Companies

Essilor’s new gambit for eye UV protection

Our Bureau Chennai | Updated on July 12, 2012 Published on July 12, 2012

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Remember the time you smeared on sun block of SPF 50 when headed to the beach or swimming on a particularly hot day.

Now, Essilor, the maker of the Crizal brand of ophthalmic lenses, has developed an E-SPF (eye-sun protection factor) rating for eyewear.

Mr Jayanth Bhuvaraghan, President, South Asia, Essilor, explains, as consumers would find it easier to relate to a rating such as SPF, having used it for skincare, it was thought best to brand it such. “Dermatologists have done a good job with the SPF rating, so we thought we should have a similar index for UV protection of the eyes,” he says.

The E-SPF values vary from 2 to a maximum of 25 for clear lenses and 50-Plus for tinted as well as polarised sun lenses.

Essilor has also launched Crizal Forte UV. Most lenses, says Mr Bhuvaraghan, prevent bulk of the UV rays from hitting the front side of the lens. But, UV rays, he says, can seep in from the side and back of the lens and the lens cannot offer protection. But, Essilor’s innovation has an anti-reflective coating on the back of the lens as well which eliminates UV light reflection into eyes.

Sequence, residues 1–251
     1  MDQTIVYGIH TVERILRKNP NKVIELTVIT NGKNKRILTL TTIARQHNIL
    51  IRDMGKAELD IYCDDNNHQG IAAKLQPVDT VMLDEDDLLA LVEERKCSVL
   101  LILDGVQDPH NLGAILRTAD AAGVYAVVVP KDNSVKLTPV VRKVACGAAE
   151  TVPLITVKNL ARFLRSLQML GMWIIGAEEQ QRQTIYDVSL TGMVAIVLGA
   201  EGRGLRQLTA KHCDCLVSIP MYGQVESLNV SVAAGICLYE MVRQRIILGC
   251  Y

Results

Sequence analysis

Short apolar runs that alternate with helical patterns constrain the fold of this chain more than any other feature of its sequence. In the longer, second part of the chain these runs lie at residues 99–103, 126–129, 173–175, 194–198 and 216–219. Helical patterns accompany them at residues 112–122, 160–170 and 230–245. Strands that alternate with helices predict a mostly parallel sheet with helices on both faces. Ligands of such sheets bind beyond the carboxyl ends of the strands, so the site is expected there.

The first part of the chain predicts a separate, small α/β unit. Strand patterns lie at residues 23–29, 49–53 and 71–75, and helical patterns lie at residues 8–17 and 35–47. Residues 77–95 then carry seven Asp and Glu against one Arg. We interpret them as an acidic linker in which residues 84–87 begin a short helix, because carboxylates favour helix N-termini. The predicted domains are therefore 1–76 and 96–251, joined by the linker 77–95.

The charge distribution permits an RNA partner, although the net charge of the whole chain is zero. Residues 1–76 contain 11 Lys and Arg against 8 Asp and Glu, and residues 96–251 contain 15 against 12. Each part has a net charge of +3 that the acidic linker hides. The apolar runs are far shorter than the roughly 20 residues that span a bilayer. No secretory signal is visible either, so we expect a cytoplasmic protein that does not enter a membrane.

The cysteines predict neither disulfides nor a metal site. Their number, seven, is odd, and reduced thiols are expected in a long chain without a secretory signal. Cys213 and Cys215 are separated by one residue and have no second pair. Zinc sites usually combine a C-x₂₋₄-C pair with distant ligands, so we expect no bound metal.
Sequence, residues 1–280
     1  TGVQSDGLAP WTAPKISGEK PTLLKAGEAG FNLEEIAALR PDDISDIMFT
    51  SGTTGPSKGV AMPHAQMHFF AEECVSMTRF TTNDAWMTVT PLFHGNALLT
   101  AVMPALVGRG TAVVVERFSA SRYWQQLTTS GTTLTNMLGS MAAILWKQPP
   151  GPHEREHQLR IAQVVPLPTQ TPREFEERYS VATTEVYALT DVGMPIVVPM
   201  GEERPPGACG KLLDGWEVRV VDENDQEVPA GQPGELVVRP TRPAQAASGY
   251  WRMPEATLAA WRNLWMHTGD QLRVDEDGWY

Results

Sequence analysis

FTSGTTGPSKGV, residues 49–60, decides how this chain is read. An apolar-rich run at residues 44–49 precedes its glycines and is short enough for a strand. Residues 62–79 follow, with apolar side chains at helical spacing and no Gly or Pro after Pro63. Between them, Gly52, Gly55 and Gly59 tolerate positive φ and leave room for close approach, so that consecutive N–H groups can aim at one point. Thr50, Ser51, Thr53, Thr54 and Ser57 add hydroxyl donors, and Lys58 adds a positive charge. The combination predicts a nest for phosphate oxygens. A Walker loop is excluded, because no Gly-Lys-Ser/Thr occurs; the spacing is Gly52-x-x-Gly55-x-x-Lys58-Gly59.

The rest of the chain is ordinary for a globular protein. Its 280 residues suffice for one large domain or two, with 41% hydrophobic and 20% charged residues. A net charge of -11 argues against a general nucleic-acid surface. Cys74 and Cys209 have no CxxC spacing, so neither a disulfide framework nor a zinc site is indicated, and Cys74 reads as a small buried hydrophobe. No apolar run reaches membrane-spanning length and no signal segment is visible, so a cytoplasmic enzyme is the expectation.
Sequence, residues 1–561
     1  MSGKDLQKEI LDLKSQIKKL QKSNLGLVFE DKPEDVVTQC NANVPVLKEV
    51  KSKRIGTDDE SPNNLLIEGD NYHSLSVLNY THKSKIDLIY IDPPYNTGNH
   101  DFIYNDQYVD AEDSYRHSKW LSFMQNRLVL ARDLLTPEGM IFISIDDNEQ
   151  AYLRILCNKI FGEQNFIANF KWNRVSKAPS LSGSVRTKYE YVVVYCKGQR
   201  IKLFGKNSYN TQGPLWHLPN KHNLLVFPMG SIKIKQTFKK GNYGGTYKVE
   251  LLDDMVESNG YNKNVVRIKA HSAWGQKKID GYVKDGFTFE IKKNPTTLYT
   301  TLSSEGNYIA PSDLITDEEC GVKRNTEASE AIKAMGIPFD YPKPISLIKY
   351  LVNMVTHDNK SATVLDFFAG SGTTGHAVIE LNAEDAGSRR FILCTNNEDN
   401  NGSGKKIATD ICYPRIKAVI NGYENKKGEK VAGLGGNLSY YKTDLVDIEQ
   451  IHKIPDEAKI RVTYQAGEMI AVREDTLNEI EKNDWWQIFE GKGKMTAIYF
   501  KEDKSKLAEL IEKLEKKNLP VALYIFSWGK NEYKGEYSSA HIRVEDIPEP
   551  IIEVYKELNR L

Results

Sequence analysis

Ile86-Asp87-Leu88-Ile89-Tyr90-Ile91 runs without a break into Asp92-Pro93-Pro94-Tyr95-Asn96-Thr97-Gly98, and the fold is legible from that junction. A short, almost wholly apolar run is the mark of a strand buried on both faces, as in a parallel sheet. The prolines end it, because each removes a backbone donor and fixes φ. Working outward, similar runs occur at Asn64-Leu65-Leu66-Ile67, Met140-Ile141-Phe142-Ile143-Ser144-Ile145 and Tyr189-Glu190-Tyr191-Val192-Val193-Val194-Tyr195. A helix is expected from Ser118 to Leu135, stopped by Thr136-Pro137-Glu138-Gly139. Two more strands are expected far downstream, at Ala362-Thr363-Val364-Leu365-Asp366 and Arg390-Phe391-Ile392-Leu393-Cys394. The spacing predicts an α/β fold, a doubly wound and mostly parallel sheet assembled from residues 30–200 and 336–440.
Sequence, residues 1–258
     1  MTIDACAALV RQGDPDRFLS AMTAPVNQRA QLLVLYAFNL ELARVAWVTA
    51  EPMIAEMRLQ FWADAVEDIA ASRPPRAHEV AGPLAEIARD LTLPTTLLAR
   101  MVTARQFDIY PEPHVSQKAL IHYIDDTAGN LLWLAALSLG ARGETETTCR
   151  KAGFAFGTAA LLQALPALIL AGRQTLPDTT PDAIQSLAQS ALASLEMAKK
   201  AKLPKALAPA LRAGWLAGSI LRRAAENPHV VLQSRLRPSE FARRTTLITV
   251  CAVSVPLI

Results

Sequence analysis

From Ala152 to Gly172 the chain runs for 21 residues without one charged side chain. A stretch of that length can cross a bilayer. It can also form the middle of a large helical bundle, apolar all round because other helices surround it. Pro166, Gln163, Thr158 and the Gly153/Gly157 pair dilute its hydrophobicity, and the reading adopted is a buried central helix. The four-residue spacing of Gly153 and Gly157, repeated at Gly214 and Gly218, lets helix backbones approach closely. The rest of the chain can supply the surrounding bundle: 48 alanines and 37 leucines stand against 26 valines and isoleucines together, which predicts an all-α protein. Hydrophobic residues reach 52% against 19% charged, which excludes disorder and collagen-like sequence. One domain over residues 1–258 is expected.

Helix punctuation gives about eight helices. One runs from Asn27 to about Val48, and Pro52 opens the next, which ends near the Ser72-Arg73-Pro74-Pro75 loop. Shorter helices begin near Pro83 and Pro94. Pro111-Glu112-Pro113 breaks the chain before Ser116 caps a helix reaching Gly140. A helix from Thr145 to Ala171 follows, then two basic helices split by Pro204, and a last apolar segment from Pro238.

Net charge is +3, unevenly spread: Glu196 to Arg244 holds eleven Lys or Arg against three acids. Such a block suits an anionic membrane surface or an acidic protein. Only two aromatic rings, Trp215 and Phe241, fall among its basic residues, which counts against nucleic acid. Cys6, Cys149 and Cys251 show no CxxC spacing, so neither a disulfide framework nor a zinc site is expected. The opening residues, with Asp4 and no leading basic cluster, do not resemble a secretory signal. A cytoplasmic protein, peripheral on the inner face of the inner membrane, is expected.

Essilor, the market leader in plastic lenses, also makes the Varilux brand of lenses for presbytopia for the over 40-year-olds, which is being endorsed by former cricket captain K. Srikkanth.

Mr Bhuvaraghan said the eyewear maker also launched a special Varilux for India after some research few years ago. Most lenses till recently were developed for Caucasian faces. But, Indians have a pronounced nose, the bridge is larger, so are eyeballs and, “We Indians move their heads more to look around, than with the eyes,” he says. “We’ve taken the products to the next level of refinement,” he points out. Chinese noses, for instance, are flatter, eyes smaller and need different eyewear.

India consumes around 90 million pieces of eyewear annually. Sixty per cent of this would be glass but is quickly being replaced by plastic lenses. Essilor does not make lenses in glass, says Mr Bhuvaraghan. But, this vision correction is barely 10 per cent of the population and a large number remains undetected. In developed countries, at least 40 per cent of the population has corrected vision, he says.

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Published on July 12, 2012
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